What does this etymological information offer to guide our morphological analysis of this family of words?
I can see that the present day English words <archeology> and <archon> both share a common Greek root arkhein (of course this is the Greek root written with our own alphabet).
I know of an <-on> suffix, so that gives me reason to propose this word sum for <archon>:
arch + on → archon
Someone might suggest that we could still have this base with a final, non-syllabic <e>:
arche/ + on → archon
But one thing that in know about potential, final non-syllabic <e>s, is that we should expect one in an English base when we find the Latin stem ends in a final single consonant with just one vowel letter before it. I think this applies to Greek as well. I am familiar with an <-ein> as a common representation (in our alphabet) of a Greek suffix. When I remove that, I don't have a final, single consonant letter, but a final <ch>. So I don't expect a final, non-syllabic <e> in the English base.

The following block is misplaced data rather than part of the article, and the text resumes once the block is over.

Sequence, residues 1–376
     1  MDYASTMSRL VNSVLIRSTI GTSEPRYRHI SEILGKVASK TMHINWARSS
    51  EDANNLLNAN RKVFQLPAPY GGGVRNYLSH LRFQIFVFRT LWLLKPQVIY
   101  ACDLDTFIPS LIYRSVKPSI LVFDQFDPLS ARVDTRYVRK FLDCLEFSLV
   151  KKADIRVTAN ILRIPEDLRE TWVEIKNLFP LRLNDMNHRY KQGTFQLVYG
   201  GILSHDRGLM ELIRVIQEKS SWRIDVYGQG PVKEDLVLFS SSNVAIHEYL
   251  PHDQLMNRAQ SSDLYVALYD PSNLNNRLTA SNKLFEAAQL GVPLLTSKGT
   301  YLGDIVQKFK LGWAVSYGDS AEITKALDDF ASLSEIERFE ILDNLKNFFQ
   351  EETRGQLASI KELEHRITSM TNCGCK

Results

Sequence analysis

That may be a bit complex at this point, but I share it just to share some of my thinking. There is another reason that I don't see evidence of the actual base being <arche>.
In your word <archeology>, that <e> IS syllabic. But it is NOT there in the word <archon>. I do not have evidence of an <-e> suffix in English, so this would not be a suffix. However, it is possible that it is a connecting vowel letter. But that leaves me with a proposal of a word sum with two connecting vowel letters connecting to each other:
arch + e + o + log + y → archeology